The Better Buy Podcast: Emily Henderson

The Better Buy, a new podcast from Better Homes & Gardens, explores everything home-related, from decorating and DIY to renovation and budgeting. Every week, we talk to homeowners across the country about the highs and lows of homeownership, sharing stories, advice and practical tips you can apply in your own home. We are on a mission to inspire and empower you to create your dream home. New episodes every Wednesday!



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on this episode

Host Mélanie Berliet talks to Emily Henderson, founder of StyleByEmilyHenderson.com and author of The new design rulesas she shares what she learned from renovating a home during the pandemic, decorating with young children, and her favorite home decorating rules to follow and break.



Meet Emily Henderson

Emily Henderson is a stylist turned home remodeler. After living in Los Angeles for years, the Oregon native, her husband and two children moved back to her home state during the pandemic. They are currently renovating a 1910 farmhouse into their family home, and possibly “forever home,” documenting the process along the way.



Advice from the episode

Emily shares her best renovation advice that you can apply to your own project.


Obviously, once you look at the house for your own personal needs, wants, preferences, styles, and you rethink it based on that. So it’s everything from bringing in the things you’ve owned, loved, and loved — whether it’s your most comfortable sectional piano or an heirloom, that’s sure to make a home look more like you. But I think imbuing your personality takes a lot of time and the slower you do it – and this is coming from someone who designs fast because of my occupational hazard of my job [as a stylist]-the more connected you are with it in many ways.
Emily Henderson


Why you should not rush to decorate a new house

  • It takes time to infuse your personality into a home.
  • Take the time to bring in your stuff, think about how you want the space to be, and plan how you’re going to tackle projects.

I always recommend [living] in a house before renovating it. You really have no idea how you’re going to use the space. You don’t know which corner will be the nicest to sit in, you know? You don’t know what to stare at when you’re doing the dishes. Do you want to stare out the window? Want to babysit your kids… We didn’t move in? [the farmhouse before starting the renovation] We’ve been renovating for a year and a half or more, and we do a lot of guesswork and ask ourselves a lot of questions like, ‘Okay, are we sure this is where we want our bedroom? Are we sure this is the direction of our bed?’ That sounds esoteric and arbitrary, but I promise you it makes a difference.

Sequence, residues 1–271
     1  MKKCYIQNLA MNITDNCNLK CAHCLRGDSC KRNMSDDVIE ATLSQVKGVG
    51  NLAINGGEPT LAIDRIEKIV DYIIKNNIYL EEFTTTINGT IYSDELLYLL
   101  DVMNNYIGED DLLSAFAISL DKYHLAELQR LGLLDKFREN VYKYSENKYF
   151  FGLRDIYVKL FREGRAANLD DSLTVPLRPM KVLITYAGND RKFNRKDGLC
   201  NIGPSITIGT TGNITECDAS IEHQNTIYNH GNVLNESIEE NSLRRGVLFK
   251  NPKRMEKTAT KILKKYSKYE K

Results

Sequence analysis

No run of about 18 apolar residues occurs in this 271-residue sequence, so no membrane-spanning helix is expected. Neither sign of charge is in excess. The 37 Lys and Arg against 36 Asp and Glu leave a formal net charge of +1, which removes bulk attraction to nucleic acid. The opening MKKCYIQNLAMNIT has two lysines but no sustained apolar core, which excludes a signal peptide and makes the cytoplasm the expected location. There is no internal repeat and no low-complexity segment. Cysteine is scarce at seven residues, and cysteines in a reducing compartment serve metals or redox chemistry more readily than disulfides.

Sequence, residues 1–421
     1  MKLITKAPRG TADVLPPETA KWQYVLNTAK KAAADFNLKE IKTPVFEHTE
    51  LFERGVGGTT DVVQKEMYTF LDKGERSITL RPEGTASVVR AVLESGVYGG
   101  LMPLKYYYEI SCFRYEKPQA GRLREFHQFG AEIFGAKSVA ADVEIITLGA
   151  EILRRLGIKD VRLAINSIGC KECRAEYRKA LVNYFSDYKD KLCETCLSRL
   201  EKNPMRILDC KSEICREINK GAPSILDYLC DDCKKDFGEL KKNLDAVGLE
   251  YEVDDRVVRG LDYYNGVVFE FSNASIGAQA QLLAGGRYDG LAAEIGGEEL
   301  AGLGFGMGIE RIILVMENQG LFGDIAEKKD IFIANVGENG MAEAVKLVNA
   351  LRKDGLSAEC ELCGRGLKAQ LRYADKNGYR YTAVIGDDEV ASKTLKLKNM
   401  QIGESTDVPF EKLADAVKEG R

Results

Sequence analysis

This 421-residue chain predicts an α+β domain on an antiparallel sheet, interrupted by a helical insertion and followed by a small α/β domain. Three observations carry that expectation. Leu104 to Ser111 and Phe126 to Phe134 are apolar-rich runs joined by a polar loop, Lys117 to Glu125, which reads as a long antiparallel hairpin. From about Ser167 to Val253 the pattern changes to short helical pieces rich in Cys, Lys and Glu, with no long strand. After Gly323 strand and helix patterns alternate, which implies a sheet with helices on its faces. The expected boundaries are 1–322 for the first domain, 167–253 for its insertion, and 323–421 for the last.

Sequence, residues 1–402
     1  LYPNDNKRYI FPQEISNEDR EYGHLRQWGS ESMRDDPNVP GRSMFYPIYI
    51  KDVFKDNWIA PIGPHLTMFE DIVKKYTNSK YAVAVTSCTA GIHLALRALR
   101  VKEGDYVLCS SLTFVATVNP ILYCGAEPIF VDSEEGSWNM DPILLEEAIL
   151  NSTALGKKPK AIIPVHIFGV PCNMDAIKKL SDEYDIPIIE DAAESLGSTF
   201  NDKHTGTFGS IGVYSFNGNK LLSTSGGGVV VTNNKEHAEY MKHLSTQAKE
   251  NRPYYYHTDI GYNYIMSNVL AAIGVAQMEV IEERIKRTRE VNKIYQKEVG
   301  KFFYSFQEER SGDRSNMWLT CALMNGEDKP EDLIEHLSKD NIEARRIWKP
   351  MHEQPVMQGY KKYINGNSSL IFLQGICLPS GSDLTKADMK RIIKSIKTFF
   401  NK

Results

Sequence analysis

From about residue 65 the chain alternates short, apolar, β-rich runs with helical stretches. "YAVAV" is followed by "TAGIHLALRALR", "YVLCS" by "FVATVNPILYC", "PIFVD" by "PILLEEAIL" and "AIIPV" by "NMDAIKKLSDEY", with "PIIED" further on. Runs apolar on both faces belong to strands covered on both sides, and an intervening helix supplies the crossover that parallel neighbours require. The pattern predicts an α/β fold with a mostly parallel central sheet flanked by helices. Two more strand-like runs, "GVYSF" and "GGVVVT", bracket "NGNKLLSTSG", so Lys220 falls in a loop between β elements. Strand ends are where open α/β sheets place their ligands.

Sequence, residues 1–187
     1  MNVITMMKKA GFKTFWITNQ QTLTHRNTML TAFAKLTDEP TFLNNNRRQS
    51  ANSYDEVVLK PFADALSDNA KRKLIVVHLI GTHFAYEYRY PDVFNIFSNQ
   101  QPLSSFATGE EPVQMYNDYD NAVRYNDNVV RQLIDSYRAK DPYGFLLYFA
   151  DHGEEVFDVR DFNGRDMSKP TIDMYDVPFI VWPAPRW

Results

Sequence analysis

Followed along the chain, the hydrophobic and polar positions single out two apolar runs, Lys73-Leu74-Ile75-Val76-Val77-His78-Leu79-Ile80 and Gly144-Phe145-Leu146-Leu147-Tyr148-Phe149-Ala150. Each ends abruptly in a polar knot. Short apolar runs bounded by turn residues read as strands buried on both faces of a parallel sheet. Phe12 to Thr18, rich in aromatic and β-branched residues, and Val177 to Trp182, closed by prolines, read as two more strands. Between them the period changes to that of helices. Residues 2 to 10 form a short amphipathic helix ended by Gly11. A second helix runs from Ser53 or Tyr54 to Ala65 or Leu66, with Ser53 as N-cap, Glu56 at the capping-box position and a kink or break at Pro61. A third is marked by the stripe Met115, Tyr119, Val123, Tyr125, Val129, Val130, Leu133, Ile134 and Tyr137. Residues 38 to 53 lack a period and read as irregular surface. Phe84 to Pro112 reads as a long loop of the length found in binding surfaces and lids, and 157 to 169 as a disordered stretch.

Emily Henderson


The importance of spending time in your home before starting a renovation

  • Take the time to live in your home and understand your home.
  • Little things make a difference, like where you want your bed.

They both want a lot of bold colors, and I don’t want to invest in real pink furniture because I don’t know if that’s something we’ll all want in five years. So instead I bought a lot of used, really cute vintage furniture. Like $80 dressers. And I said, “Okay, if you want a hot pink dresser, we’ll do it together.” We’re going to paint it together, and then at least there isn’t that kind of financial investment in something that they might not like. Or we can repaint it.
Emily Henderson


Why Emily chooses vintage furniture for children’s rooms

  • Buying used furniture allows you to customize it. Go ahead and add bold colors!



One of the biggest is the undersized rug. It’s because rugs, when hung vertically, look a lot bigger than they do on the floor, so you’re like, ‘Oh, that’s certainly big enough.’ And then you get it and it’s too small, especially for living rooms. And then hang curtains completely wrong. That’s a big one too. People just hang them too short and too low.
Emily Henderson


What are the most common design mistakes people make?


Knowing the rules is really good information for you to make the most informed, best decision about how you want to break them. For example, vanity lighting – that’s something where there are very specific rules about what height and what type of lamp gives you the best lighting to put makeup on. It really sucks when you choose something that really sets the tone and illuminates the entire counter, but not your face. You want to know those rules, but then you think, ‘Well, what if I love these directional ramps? What are we doing?’ So you can either put in really good niche lighting or just use it in your powder room where you don’t even need to see your face. If you know what you’re doing and if you’re willing to really stimulate your creativity, you shouldn’t be bound by any rules. But I like having the information so I know I’m making a choice and not a mistake.
Emily Henderson


When should you break the house design rules?

  • Push your creativity when tackling a renovation.
  • Know the basic design rules, but don’t be afraid to break them!


Links and Resources


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